"Do Not Forget" is the title of this KJV video devotion from Psalm 119, verses 173 through 176. As we come to this, the last devotion from Psalm 119, the Psalmist stated, "I do not forget thy commandments." What a theme for one's life! Yet, how easy it is for us to do exactly that. Surrounded by the glitz and glamor of the 21st Century, we Christians must constantly be on our guard so that the things of this world do not wipe away the clear teaching of God's Word and its influence in our lives.
"Give Me Understanding" is the title of this KJV video devotion from Psalm 119, verses 169 through 172. As we come to the epilogue of Psalm 119, the Psalmist cried out to God: "Let my cry come near before thee, O LORD: give me understanding according to thy word." That is our universal cry to God, is it not? "Give me understanding!"
"Great Peace" is the title of this KJV video devotion from Psalm 119, verses 165 through 168. One has only to look at the current headlines to realize that the 21st century is not exactly a time of great peace. The Psalmist, himself, did not live during a time of great peace either, yet he had learned the secret of inner peace even during a tumultuous time. His heart was settled in God as revealed to him through God's Word, which he not only read, but which he loved exceedingly!
"Awe of Thy Word" is the title of this KJV video devotion from Psalm 119, verses 161 through 164. How precious is God's Word to us? The Psalmist rejoiced at God's Word as one who found great spoil, or great treasure. Do we love our Bibles more than our bank accounts, or more than the thought of winning the lottery? Oh yes, the Word of God is a treasure greater than all of the wealth this world has ever known. Let us, then, join the Psalmist who said, "Seven times a day do I praise thee because of thy righteous judgments."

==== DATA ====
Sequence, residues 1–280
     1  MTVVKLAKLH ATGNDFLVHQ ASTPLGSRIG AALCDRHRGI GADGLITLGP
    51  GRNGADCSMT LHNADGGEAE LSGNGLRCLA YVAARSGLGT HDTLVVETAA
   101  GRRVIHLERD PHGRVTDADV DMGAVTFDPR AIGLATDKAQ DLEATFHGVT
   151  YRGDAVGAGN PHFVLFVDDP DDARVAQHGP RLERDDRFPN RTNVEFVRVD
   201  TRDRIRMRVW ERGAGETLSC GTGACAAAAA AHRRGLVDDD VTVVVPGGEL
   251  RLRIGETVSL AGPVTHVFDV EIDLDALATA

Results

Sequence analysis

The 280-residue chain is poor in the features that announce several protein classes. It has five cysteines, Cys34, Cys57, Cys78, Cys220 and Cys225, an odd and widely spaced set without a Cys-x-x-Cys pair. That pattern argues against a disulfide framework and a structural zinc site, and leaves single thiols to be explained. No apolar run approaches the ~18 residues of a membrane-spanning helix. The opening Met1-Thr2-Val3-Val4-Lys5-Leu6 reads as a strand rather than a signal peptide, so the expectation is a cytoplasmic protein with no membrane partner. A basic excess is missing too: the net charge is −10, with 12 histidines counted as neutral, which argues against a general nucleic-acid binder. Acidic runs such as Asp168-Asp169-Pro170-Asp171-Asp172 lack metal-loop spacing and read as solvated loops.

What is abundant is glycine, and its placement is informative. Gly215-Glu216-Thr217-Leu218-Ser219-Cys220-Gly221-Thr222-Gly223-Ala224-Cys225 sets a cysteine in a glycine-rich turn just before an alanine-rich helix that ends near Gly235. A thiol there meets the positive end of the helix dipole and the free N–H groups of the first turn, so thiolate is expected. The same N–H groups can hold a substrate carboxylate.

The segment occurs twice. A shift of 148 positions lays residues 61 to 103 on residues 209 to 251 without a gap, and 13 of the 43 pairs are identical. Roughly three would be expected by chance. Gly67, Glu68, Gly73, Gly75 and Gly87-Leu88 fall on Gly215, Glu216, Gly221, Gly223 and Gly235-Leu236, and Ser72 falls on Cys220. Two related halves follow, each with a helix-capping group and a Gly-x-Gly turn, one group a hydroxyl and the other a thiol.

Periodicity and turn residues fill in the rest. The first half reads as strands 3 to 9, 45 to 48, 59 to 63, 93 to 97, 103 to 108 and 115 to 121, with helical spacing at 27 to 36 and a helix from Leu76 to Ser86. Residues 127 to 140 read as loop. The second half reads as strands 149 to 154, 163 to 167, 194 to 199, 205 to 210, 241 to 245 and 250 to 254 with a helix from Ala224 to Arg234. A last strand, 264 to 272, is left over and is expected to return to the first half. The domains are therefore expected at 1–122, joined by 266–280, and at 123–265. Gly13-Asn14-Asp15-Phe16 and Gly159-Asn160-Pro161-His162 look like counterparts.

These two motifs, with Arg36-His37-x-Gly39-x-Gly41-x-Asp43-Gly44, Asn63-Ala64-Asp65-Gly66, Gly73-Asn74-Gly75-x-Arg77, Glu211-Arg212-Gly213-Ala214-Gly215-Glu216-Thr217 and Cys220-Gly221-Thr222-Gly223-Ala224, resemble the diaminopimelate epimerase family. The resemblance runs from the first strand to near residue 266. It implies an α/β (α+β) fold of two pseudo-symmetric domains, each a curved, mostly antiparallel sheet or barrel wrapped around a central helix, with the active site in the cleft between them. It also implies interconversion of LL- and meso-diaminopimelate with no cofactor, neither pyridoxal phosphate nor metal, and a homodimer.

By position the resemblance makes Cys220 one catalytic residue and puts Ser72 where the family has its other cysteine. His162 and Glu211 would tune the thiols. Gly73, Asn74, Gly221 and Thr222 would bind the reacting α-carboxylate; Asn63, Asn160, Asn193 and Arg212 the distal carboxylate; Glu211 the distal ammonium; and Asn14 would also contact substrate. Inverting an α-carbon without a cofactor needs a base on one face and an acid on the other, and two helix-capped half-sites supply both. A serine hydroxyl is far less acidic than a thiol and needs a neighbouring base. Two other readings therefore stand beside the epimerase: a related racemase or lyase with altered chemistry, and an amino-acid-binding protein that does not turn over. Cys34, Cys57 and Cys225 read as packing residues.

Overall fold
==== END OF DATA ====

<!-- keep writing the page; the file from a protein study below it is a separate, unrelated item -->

"True from the Beginning" is the title of this KJV video devotion from Psalm 119, verses 157 through 160. In our day of relativism, how do we really know what is true? We believe what we believe, but our neighbor believes something different. How are we to know who believes the truth? The Psalmist boldly declared, "Thy word is true from the beginning: and every one of thy righteous judgments endureth for ever." When one takes that first step of wondering whether the Bible is actually true, one is on the verge of a very precarious journey away from the Lord!
"Consider" is the title of this KJV video devotion from Psalm 119, verses 153 through 156. As I read through this section from Psalm 119, I thought of how approachable God is to His people. The Psalmist reached out to God and said, "Consider!" He had every right to know and believe that he was not too small or too insignificant for God to notice. We cannot begin to understand the great love that God has for each and every one of His children. We are never outside of His hand of care. God works through all of the events and happenings of this life to mold us and make us more like Christ, and to bring us closer to Him.
"Thy Lovingkindness, Thy Judgment" is the title of this KJV video devotion from Psalm 119, verses 149 through 152. We do not tend to have difficulty embracing God's love, but it is not always as easy to embrace God's judgment. The writer of Psalm 119, however, understood that there is a proper balance between both. Both are necessary for us who are entrenched in a sin darkened world. God's love is our foundation; no matter how bleak things are for us, we see the utter goodness and love of God and are encouraged to continue on for Him. Yet, it is God's judgment which provides the prod we need to keep us focused on living this life for Him and not according to the pleasures of this world.